- Aim and Launch their attack
The Defender must avoid this attack. The better the setup, the easier this becomes, because the Attacker will take longer to recognise they’ve been hit.
Another factor influences the success of the attack-on-preparation is how fast the Attacker is moving and, by inference, how far the Attacker plans to launch their attack.
For Attacks-on-preparation, it is better if the Attacker is moving fast and launching far. This is because:
- the faster the Attacker is moving;
- the further their base launch range and hit zone; and,
- the easier it is for the Defender to counterattack and move forwards to a distance too close for the Attacker to hit.
The Defender should therefore trick the Attacker into moving fast during the setup, by advancing and retreating quickly on defence, and generally giving off frantic body language.
Add Opposition with similar setup to a parry for more safety
The Defender can also block or delay the Attacker’s attack with a blade “opposition” after their counterattack. This is simply putting the Defender’s blade in the path of the attack, akin to a guard parry, only forwards.
As with parries, the success of opposition depends on inferring the path of the attack from the Attacker’s start position and their target. The Defender can observe the start position and influence the target by opening an obvious one.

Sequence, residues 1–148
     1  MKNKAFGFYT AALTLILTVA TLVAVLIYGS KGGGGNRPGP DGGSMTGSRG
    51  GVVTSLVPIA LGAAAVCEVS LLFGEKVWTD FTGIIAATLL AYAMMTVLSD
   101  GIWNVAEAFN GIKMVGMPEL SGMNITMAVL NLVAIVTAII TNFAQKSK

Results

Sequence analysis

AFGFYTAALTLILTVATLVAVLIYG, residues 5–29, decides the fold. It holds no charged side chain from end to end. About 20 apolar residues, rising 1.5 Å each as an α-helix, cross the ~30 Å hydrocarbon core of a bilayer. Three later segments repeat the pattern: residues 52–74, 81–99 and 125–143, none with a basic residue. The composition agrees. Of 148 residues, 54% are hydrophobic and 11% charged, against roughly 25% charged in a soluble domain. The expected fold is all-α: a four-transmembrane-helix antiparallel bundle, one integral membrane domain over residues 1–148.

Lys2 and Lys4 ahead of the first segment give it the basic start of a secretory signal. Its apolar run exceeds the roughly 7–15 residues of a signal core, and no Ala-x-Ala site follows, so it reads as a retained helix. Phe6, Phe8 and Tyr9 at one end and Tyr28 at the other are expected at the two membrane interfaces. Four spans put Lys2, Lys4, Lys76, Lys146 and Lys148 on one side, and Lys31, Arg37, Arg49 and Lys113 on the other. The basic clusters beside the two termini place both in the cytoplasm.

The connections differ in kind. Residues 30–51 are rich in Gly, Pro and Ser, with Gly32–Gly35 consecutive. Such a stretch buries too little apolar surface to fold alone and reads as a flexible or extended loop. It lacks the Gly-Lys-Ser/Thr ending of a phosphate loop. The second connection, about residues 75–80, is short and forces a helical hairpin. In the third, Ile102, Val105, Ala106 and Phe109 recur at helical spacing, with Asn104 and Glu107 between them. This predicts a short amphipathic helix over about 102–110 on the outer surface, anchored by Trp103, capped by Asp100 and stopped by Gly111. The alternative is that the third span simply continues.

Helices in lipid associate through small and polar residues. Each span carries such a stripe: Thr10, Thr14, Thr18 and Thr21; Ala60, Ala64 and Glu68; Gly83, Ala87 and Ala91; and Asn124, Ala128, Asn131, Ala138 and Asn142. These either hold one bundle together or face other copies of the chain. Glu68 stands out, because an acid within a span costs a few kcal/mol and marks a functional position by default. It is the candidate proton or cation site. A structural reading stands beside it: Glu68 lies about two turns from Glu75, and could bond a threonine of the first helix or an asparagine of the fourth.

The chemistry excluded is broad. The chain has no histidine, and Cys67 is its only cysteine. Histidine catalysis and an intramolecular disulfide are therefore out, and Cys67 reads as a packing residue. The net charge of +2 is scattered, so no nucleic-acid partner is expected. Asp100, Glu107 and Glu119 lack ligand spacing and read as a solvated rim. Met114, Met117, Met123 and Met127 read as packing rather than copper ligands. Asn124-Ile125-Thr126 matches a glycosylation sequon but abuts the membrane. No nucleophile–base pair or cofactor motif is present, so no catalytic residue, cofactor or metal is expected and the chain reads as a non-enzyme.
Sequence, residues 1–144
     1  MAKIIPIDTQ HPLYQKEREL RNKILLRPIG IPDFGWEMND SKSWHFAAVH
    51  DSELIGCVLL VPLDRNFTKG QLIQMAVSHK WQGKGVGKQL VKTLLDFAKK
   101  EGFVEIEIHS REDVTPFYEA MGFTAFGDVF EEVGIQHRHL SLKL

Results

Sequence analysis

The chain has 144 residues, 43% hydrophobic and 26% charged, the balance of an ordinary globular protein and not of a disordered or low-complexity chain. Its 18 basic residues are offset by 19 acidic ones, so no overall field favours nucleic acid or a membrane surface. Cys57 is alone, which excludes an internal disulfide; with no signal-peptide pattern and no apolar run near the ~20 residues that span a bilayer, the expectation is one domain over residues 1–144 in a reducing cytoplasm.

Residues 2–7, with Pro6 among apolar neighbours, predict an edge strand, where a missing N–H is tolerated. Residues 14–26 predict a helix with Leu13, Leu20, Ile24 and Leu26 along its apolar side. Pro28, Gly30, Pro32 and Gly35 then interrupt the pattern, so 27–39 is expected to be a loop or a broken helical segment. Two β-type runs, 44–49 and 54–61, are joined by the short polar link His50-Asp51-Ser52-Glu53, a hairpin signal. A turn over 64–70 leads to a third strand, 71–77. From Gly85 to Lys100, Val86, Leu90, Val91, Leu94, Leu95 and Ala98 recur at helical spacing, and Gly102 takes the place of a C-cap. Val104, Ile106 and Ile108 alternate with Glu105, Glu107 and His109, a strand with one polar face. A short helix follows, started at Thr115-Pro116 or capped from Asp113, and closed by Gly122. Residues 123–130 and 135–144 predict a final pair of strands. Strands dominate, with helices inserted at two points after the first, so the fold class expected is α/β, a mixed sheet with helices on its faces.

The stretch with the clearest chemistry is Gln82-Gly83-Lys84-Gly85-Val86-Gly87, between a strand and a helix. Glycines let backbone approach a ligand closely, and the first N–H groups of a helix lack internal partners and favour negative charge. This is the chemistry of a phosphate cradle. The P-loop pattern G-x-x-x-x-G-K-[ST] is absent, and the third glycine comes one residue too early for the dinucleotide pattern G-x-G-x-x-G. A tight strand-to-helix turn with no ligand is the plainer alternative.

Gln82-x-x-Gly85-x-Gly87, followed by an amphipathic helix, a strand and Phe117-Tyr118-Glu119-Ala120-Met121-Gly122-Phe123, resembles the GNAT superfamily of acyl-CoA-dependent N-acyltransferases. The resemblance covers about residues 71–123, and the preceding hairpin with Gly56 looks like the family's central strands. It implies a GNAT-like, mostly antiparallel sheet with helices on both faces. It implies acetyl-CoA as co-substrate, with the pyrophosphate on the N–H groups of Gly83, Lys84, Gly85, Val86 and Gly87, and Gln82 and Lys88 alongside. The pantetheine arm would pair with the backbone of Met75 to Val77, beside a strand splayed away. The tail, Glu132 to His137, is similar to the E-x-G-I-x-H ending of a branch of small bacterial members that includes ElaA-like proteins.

Your students will discover that Attackers often have a strong (sometimes unshakeable) bias to finish to particular targets in response to a counterattack. Common ones include:
The Defender should guess this bias target the first time, open the target, and attempt opposition with the counterattack. Then note how the Attacker actually responded and adjust their opposition accordingly.
Note for the Instructor: as a general rule, opposition (and thus attacks-on-preparation) work better on Attackers in high-line versus low-line, because the attack paths are easier to intercept.
We will cover low-line attacks and their counters later in the Course; for now, note that stop-cut parry ripostes work better against low-line attacks, e.g. low-line to underflank.
Putting it together
My guidance for this session is to cover each technical component in isolation, then combine them one-at-a-time in pairs, then in the usual 4m short-attack vs. fall-short scenario to practice. Suggested schedule:
15 mins: Footwork and revision for attacks and movements for counterattack with attack-on-preparation
15 mins: Practice each component in isolation: fishing, attack-on-preparation, opposition
15 mins: Integrate components into the complete counterattack
15 mins: Put into the 4m scenario with Attacker and Defender
Remind the students that it is more important to avoid the Attacker’s hit than to actually land the counterattack.
Next week we will cover the counter: preparatory beats. Preparatory beats work against counterattacks by disrupting the setup – the most important part of the counterattack – rather than the counterattack itself. Tell your students; it may help convince them of the setup’s importance.